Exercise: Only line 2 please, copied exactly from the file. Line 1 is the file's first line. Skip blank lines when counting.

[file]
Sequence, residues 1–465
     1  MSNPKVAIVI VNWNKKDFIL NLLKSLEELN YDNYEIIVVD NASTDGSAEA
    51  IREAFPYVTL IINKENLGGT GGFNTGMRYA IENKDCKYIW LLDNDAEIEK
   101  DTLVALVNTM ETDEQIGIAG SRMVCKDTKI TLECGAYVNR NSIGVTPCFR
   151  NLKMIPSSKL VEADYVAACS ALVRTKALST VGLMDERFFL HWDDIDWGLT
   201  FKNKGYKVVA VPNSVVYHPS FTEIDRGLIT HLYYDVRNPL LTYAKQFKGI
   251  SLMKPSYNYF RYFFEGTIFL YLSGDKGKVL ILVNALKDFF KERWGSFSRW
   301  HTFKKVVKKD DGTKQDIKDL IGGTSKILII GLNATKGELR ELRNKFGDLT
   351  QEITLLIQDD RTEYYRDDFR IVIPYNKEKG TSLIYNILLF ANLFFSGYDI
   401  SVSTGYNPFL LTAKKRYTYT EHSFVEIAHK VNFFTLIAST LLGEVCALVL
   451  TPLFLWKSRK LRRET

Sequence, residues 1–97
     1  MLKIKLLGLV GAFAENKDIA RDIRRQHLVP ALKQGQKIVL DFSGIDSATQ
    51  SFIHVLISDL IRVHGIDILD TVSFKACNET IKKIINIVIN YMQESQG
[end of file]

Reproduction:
     1  MSNPKVAIVI VNWNKKDFIL NLLKSLEELN YDNYEIIVVD NASTDGSAEA